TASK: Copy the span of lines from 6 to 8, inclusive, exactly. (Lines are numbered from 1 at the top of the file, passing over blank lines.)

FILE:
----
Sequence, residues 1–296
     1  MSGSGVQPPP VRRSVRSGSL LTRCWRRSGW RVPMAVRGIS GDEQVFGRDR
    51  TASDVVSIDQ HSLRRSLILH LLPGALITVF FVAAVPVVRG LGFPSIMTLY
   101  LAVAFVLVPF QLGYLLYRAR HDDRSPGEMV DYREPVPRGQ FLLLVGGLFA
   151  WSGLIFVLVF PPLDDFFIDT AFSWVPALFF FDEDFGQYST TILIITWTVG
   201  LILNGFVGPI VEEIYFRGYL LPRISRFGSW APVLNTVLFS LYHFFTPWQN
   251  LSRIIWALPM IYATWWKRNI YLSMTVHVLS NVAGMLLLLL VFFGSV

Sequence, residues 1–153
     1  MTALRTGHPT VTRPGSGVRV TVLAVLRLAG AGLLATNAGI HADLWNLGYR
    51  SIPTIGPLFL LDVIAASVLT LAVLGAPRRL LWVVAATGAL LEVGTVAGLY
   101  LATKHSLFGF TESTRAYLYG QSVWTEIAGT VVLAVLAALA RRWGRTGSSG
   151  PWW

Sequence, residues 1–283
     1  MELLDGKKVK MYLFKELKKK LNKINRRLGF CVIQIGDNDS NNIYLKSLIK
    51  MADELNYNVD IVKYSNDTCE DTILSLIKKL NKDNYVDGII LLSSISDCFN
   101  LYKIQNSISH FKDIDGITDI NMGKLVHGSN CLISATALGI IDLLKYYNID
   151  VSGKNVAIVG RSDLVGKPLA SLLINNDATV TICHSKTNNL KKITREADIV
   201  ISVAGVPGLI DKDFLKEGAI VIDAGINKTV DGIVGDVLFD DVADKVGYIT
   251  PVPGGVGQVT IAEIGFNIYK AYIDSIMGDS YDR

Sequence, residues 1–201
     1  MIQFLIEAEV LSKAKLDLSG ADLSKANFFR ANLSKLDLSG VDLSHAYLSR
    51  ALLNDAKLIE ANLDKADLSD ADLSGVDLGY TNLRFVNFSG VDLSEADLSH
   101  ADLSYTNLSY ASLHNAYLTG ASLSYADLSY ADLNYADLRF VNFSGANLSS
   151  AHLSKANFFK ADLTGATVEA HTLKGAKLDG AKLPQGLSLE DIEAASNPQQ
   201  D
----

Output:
   201  LILNGFVGPI VEEIYFRGYL LPRISRFGSW APVLNTVLFS LYHFFTPWQN
   251  LSRIIWALPM IYATWWKRNI YLSMTVHVLS NVAGMLLLLL VFFGSV

Sequence, residues 1–153